We'll leave them there for now. The Merry Wives of Windsor was Shakespeare's only comedy to be set entirely in England, and it's considered to be his most realistic portrayal of the daily lives of ordinary people. Think of it as the original 'Real Housewives'. In Shakespeare's play, the phrase the world's mine oyster was used as a threat - but today, it has become the world's my oyster - or your oyster - and it describes situations that contain wonderful opportunities. Take US entrepreneur Chris Gardner, who wrote in his autobiography The Pursuit of Happyness:

Clip 1
The world is your oyster
. It's up to you to find the pearls.

Narrator
It can describe the opportunities that open up when you take risks, have money or learn new skills.

Clip 2
If you learn foreign languages, the world's your oyster.

Queen Elizabeth I
Mr Shakespeare, I am pleased. Your actors will perform this play for me.

Will
To perform, or not to perform: I'll just do what she tells me. 

Answer
Queen Elizabeth is an assertive, confident woman who demands respect. Will is a bit scared of her - so he does exactly what she tells him to do. Poor Will - he seems much more relaxed when he's in his favourite pub with his friends.

The Queen is dreaming about Sir Walter Raleigh - not Will!

To do

Queen Elizabeth has set you a quiz about this video and demands that you complete it. To complete, or not to complete: it's best to just do what she tells you.

Her Majesty's quiz

4 Questions

Answer the questions about this episode to keep Queen Elizabeth happy!

Baga gammadde! Qormaata xumurteetta
Excellent! Great job! Carraa badaa! Qabxii argatte:
x / y

How many did you get right?
3-4 Well done! The Queen is pleased!
0-2 Oh dear - The Queen orders you to try again!

Next

The world is your oyster - go to the next page to find some pearls of wisdom! We'll explore the meaning and use of the world's your oyster, and discover some other popular idioms containing world.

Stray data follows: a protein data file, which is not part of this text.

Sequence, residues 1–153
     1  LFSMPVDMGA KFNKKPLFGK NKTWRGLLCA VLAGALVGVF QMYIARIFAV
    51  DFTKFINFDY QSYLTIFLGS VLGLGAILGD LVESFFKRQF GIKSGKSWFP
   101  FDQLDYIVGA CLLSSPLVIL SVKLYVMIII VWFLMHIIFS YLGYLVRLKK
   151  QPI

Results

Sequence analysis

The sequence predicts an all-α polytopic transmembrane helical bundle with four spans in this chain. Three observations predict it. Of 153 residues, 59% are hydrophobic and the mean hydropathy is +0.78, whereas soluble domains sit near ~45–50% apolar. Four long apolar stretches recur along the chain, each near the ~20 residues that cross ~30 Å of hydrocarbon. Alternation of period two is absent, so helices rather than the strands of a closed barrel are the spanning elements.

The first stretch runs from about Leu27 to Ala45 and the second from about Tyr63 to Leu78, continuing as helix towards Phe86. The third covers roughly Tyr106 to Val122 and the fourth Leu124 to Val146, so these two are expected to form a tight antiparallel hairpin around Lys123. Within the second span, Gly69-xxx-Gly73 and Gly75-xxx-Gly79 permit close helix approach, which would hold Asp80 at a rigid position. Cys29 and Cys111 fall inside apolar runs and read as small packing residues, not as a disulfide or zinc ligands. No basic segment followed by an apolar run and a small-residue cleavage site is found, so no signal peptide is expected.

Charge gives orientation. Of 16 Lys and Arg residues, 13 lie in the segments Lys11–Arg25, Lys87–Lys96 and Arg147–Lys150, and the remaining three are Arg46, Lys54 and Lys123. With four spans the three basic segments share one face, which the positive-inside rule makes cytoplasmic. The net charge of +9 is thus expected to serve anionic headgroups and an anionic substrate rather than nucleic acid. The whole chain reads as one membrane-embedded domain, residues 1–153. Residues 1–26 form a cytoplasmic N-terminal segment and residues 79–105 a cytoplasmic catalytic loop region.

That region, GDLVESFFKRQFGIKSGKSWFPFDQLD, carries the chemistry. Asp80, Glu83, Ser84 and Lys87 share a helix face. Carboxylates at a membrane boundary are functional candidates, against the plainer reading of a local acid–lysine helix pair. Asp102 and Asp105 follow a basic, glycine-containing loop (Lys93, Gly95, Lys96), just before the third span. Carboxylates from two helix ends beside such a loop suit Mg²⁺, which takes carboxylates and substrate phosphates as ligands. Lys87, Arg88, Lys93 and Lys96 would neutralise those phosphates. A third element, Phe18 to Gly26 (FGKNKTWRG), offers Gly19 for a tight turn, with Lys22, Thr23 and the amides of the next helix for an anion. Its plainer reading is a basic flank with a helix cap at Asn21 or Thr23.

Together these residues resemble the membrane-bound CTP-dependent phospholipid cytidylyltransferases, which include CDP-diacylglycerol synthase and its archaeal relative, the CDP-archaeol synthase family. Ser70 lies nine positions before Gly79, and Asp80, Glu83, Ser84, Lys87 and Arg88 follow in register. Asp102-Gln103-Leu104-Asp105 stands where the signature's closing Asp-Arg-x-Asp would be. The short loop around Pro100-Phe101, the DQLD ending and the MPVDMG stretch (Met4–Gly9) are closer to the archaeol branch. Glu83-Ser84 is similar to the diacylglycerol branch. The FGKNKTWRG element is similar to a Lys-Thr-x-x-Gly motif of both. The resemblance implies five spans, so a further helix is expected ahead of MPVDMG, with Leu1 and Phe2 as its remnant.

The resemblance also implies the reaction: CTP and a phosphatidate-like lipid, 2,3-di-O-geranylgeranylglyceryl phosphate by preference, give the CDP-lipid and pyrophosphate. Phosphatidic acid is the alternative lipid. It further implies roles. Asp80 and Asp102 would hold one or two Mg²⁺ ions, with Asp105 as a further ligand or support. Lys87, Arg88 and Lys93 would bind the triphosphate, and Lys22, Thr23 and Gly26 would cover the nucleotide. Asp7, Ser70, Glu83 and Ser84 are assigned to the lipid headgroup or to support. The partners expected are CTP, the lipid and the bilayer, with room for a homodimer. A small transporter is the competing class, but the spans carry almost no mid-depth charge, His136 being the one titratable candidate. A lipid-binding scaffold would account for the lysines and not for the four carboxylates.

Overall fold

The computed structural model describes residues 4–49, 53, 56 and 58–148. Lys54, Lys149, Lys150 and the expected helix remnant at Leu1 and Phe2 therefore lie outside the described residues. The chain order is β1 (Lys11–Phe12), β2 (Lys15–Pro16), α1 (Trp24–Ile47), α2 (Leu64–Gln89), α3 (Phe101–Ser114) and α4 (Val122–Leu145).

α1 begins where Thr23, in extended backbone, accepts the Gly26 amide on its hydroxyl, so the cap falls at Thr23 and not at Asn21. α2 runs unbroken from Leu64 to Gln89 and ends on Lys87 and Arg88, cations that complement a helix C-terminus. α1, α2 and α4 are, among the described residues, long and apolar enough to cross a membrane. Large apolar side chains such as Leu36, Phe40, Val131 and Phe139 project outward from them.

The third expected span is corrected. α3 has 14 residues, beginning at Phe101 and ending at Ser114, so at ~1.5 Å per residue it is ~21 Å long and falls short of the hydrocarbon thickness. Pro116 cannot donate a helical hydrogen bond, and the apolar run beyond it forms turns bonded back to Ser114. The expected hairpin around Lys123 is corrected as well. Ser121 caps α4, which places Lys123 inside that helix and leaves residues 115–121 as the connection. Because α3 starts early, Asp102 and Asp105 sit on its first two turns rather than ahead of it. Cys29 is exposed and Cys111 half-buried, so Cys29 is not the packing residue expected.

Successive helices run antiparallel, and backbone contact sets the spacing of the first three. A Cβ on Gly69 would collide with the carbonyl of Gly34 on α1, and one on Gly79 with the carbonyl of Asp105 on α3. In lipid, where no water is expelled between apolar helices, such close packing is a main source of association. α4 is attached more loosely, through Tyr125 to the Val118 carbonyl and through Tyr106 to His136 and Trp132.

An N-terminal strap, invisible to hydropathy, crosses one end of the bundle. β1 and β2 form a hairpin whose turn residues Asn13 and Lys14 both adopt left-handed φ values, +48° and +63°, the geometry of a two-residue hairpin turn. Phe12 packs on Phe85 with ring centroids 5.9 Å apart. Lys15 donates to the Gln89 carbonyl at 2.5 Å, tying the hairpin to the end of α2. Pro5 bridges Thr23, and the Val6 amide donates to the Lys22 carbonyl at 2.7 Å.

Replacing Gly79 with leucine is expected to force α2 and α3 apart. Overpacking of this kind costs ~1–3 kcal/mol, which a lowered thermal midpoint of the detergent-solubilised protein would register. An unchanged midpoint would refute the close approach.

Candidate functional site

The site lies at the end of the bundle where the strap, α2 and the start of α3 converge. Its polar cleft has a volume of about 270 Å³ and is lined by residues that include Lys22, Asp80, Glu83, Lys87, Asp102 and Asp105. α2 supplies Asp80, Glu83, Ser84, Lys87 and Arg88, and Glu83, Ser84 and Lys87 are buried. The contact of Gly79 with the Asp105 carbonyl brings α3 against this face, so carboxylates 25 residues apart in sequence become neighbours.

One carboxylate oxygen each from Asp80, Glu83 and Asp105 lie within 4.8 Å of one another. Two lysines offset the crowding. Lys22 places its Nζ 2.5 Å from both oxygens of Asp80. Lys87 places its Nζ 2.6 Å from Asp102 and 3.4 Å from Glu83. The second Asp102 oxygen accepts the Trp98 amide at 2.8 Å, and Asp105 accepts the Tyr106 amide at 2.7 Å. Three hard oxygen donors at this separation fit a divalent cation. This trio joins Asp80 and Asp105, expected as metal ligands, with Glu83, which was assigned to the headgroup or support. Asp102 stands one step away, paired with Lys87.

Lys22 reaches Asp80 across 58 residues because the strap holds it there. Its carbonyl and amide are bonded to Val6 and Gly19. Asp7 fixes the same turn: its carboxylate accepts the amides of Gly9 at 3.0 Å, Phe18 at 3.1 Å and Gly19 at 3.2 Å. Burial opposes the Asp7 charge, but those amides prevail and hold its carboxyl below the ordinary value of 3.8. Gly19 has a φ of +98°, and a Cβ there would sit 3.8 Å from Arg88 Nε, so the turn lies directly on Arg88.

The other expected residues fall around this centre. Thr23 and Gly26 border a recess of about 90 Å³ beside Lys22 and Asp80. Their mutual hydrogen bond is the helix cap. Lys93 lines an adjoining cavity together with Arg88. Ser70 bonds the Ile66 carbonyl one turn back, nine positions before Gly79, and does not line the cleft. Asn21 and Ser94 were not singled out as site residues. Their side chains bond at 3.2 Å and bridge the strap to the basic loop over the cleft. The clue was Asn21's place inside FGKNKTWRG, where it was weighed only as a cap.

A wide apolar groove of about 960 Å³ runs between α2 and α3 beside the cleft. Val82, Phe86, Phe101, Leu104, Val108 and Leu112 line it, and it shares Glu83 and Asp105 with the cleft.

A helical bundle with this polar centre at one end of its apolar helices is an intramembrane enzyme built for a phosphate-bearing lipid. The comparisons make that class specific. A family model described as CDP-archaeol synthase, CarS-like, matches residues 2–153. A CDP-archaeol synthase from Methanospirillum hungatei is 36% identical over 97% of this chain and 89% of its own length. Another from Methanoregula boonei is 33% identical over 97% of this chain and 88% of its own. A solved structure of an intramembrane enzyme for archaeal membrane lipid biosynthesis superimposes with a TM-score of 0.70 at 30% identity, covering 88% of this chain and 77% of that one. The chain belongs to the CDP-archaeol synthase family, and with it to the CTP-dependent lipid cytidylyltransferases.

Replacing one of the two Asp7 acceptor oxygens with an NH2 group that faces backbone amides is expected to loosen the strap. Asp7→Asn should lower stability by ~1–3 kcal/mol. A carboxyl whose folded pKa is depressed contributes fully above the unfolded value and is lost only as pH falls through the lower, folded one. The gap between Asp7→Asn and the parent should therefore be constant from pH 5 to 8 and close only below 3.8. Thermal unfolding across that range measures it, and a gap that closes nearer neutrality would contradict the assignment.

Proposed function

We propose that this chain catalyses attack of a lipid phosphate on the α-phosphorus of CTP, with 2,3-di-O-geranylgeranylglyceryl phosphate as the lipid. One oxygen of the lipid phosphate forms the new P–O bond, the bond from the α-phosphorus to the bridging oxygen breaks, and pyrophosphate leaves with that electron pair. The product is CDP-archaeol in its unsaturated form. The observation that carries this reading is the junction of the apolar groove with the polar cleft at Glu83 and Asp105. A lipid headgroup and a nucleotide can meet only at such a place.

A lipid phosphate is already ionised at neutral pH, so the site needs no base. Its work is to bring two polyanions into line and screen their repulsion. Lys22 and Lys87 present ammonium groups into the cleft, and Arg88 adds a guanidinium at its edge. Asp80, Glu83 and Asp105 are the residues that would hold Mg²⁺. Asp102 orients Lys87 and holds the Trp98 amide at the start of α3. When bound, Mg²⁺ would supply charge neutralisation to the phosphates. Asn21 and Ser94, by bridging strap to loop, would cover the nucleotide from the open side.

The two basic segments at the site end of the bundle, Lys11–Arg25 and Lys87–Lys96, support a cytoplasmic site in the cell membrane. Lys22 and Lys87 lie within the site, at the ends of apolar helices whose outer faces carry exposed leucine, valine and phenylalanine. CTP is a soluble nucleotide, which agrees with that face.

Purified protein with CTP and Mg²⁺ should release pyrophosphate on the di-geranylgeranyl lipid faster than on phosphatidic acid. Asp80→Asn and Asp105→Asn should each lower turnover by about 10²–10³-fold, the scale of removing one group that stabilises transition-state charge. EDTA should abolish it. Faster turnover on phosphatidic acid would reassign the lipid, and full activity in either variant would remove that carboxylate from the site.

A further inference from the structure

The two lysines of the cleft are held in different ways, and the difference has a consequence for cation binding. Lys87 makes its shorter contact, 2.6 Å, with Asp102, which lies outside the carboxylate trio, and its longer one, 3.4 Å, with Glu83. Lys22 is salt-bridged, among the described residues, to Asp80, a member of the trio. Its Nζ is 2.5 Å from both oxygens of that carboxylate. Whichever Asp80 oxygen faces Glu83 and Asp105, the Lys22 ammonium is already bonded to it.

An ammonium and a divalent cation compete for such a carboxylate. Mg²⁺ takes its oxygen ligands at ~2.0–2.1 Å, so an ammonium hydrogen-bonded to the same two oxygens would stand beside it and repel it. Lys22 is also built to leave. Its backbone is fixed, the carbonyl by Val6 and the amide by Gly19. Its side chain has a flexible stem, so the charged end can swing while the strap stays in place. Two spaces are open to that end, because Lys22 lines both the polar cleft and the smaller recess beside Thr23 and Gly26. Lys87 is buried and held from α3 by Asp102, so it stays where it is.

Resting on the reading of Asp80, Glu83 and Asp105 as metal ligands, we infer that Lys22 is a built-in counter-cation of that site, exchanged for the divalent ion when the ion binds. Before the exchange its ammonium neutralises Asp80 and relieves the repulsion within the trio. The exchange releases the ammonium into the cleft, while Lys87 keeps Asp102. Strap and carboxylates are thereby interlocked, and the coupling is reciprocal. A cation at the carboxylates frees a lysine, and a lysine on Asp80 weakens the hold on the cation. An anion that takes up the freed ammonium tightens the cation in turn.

Caasluga kutaa kanaa

Session Vocabulary

  • For more great Shakespeare content visit our partner,The OU

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    The world's mine oyster

    Meaning
    Today, the phrase has become the world's my oyster - or your oyster - and it describes situations that contain wonderful opportunities. It can describe the opportunities that open up when you take risks, have money or learn new skills.

    Example sentence
    If you learn foreign languages, the world's your oyster.

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    Extra vocabulary

    court
    (here) the place where a King or Queen and their family and servants are living

    reign
    the period of time that someone is a king or queen

    to do something behind someone's back
    to do something without letting someone know

    a pearl of wisdom
    a clever saying or a very good piece of advice

    to be in a world of your own
    to not be aware of what's happening around you

    what a small world!
    used to show surprise when you meet someone you know at an unexpected place

    to have the best of both worlds
    to have the advantages of two different things at the same time

    to do someone the world of good
    to make someone feel much healthier or happier

    to not be the end of the world
    to not be the worst thing that could happen

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    About Shakespeare Speaks

    Shakespeare Speaks is a co-production between:

    BBC Learning English

    The Open University